The BMJ Today: You don’t always get what you pay for

On today, researchers have found that a much cheaper treatment for wet age related macular degeneration causes no more side effects than the far more expensive licensed treatment.

Zosia Kmietowicz reports that the authors of the Cochrane review have found that ranibizumab (Lucentis), which is most commonly used in the UK and costs about £700 an injection, is no more effective than bevacizumab (marketed as Avastin), which costs about £60 an injection. Researchers have previously estimated that using bevacizumab, rather than ranibizumab, could save the NHS £84m a year.

Elsewhere on, former “kidney tsar” Donal O’Donoghue has completed BMJ Confidential, and apologises to “every person I have looked at and seen only a kidney.” The Salford based professor of renal medicine says he is “as passionate about Manchester United as he is about NHS care,” and describes being a doctor as “a privilege and a ball.”

In a blog published last week, Ian Bushfield discusses two consultations that close today.

The first is the European Medicines Agency (EMA) consultation on updates to its EudraVigilance access policy. EudraVigilance is the database where reports of side effects from approved drugs in Europe are recorded. Bushfield says the proposal would give researchers access to more detailed and systematic records from the database, but it also contains a condition that would give the EMA the ability to block publication of analyses it disagreed with.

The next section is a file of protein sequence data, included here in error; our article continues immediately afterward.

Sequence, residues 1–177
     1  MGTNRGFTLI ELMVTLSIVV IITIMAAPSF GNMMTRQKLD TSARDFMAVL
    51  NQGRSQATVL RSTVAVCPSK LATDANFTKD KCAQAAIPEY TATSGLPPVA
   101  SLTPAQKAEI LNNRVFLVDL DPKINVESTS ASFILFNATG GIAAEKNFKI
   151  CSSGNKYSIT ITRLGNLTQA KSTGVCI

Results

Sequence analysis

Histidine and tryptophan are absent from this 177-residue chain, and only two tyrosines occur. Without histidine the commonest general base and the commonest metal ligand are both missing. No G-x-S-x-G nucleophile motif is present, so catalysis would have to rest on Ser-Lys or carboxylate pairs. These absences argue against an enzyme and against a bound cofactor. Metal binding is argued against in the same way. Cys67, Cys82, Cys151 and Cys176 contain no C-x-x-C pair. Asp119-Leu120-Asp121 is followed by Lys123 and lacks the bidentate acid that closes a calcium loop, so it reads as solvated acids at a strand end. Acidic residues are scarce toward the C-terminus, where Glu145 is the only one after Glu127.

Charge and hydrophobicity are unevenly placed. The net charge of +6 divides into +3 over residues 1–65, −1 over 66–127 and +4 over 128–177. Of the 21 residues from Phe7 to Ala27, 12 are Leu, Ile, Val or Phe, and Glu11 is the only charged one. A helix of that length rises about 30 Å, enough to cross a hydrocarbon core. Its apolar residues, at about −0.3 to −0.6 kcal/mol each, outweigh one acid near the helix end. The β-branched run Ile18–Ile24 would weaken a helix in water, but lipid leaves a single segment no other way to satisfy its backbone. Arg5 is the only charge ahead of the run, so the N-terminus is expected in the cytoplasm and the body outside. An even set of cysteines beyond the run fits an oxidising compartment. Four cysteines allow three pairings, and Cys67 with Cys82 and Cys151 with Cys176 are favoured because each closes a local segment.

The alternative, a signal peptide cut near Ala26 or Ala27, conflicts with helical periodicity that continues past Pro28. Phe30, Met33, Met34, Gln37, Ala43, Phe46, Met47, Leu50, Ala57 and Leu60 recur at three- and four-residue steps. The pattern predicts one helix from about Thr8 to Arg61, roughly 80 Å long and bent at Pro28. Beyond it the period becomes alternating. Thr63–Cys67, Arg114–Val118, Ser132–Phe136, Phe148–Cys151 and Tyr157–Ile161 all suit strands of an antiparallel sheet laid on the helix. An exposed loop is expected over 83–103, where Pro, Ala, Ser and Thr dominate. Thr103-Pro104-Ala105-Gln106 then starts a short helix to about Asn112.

The second is a US Food and Drug Administration (FDA) consultation on draft guidance it has produced on writing consent forms for clinical trials. The guidance doesn’t say that trial sponsors can share anonymised patient data with independent researchers. Some pharmaceutical companies already claim that they can’t share more information from their clinical trials because consent forms didn’t explicitly include this, Bushfield says.

 Abi Rimmer is BMJ Careers news reporter.